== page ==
We’re going to be entering our quarterly planning cycle at Box soon, which always brings up the topic of output vs. outcomes (note: the angst around goal-setting frameworks is not unique to Box by any means). One of the better books I’ve read on the topic is Radical Focus, which is basically a parable about implementing OKRs at a startup.
Ahem, yes, you read that correctly. I studied a book on OKRs.
Let me start by saying I'm not generally what you'd characterize as a "process person"; I tend to focus on getting things done and worry about improving the mechanics after, time permitting and team willing. But, I read (a lot) and always give a recommendation a chance (Radical Focus was cited by a former teammate who was ex-Zynga).
If there were ever a "page turner" of business planning books, this is it. It's in the same vein as Patrick Lencioni's management tales. I got a good bit out of it, specifically in terms of addressing myths around planning, and it's probably a book I'll return to every so often, much like Rework or Linchpin.
Also, the template / quadrant for tracking a product / initiative is very crisp and concise in my view, and something I leverage professionally (and sometimes personally)
At a high-level, the nuggets of wisdom I gleamed from the book can be summed up as a series of myths and corresponding solutions.
Myth #1: planning is a distraction from "real work"
potentially - when planning is done just for the sake of planning, yes, but, if you step back and look at it as a planning -> execution -> learning loop, you'll recognize the need for a shared method across your org to align and scale
operationalizing how you work and how you work across organizational boundaries can be your secret sauce and allow you to do more "real work"
Myth #2: quarterly planning is the wrong cadence
occasionally - there is ideal cadence for your group, it could be weekly or monthly or quarterly - it's something to test out and iterate on
the frequency is less importance than the regular rhythm - that's what completes the loop from just occasional / forced planning to improving execution through regular learning
Myth #3: OKRs don't make sense for my team
possibly - your team might be a functional reporting structure, in which case you’re thinking about the wrong "team" - focus on the products / initiatives
every individual spends their time across n groups trying to solve various customer / business problems - OKRs should be written across those horizontal / virtual teams and not around organizational hierarchy
Myth #4: our metric is status quo
definitely - maintaining SLAs around certain core product / business / operational makes absolute sense and should be table stakes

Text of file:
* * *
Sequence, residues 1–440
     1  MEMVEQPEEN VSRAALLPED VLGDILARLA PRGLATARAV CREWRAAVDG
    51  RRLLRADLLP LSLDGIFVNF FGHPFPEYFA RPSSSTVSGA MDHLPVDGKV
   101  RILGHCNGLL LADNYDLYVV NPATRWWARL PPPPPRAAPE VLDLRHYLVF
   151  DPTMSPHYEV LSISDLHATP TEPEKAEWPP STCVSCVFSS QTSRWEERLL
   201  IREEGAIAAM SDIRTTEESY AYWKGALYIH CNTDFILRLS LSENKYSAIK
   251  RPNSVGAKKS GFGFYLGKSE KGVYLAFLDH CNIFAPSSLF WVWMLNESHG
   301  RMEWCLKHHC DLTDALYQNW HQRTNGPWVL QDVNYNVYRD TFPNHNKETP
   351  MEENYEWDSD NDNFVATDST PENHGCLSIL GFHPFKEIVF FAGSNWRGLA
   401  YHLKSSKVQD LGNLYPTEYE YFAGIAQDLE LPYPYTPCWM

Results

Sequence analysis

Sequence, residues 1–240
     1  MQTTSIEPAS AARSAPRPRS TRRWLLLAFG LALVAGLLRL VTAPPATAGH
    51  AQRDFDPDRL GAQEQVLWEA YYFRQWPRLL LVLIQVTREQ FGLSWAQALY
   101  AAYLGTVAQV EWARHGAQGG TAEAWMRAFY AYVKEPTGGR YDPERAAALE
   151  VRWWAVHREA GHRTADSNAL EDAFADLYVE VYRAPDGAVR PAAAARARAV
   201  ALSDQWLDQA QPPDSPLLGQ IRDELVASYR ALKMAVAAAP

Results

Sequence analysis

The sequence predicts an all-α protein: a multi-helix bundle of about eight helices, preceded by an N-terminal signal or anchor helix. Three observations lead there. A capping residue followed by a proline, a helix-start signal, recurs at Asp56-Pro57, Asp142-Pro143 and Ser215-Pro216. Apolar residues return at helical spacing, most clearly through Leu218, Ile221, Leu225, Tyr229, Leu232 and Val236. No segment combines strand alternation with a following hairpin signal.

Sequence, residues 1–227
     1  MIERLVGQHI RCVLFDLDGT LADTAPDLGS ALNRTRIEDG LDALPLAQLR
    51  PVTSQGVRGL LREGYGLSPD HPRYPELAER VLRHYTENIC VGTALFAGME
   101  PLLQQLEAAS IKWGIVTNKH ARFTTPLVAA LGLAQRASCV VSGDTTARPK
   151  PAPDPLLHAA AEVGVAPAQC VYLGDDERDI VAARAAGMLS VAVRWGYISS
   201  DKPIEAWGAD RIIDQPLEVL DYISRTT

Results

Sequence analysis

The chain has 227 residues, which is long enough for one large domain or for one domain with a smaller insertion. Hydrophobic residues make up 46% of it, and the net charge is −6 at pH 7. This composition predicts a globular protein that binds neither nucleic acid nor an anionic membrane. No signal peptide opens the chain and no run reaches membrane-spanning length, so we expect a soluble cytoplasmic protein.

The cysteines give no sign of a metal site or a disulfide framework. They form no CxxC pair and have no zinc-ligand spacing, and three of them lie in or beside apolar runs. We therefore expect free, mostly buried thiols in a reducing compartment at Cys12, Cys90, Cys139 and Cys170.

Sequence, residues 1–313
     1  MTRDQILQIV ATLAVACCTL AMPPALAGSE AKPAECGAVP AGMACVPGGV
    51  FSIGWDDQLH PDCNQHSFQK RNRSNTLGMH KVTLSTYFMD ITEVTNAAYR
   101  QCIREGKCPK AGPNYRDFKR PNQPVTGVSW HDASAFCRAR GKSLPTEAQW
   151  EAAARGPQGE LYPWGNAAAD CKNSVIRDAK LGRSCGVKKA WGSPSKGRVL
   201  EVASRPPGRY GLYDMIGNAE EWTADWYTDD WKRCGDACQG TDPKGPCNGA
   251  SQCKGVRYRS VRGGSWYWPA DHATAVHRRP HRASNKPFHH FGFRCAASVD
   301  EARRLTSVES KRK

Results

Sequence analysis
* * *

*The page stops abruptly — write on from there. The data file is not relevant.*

but KRs tied to ambitious objectives are different from health metrics that you don't want to adversely impact while going after systemic issues
Myth #5: our roadmap is our OKRs
correspondingly - the backlog of items you're shipping to move the KR needles tied to your objective are part of the package, but they serve a distinct purpose in terms of priorities, staffing, and momentum
and as you can see from the template, it's not onerous to track the roadmap, OKRs, and metrics in one clean snapshot
Myth #6: it's strange to be judged on progress of big bets
definitely - it's stranger still to be view a learning loop as a judgement tool; best to focus on the opportunity to get better at every check-in - better at prioritizing, better at hypothesizing, better at estimating, etc
adding in confidence % in addition to progress % and talking regularly about whether that's increasing or decreasing (and why) helps unblock and align
Myth #7: I'm hitting many OKRs with my roadmap
exactly - you should map your backlog to different objectives and some roadmap items could conceivably move the needle on multiple fronts (and thus should be prioritized higher)
the quadrant above isn't a template for all the work the team is doing; it's a snapshot per objective, so you should have multiple instances as needed across teams / products / initiatives / groups / councils / guilds / individuals
Would love to hear from readers (use the comments below) on their attempts at implementing OKRs, other goal-setting frameworks, etc
further reading / references
if you’re curious about the history of the OKRs framework, it traces back to Peter Drucker’s Management by Objectives, which Andy Grove translated into OKRs at Intel, where John Doerr picked it up and disseminated via his VC portfolio
“GSD & then improve mechanics” is a variant of this essay from Paul Graham
for more on “output vs outcomes”, check out this post on team mission scopes
NCTs (Narratives, Commitments, Tasks) are an alternative to OKRs, and you can read more about them here
childish drawing / interpretation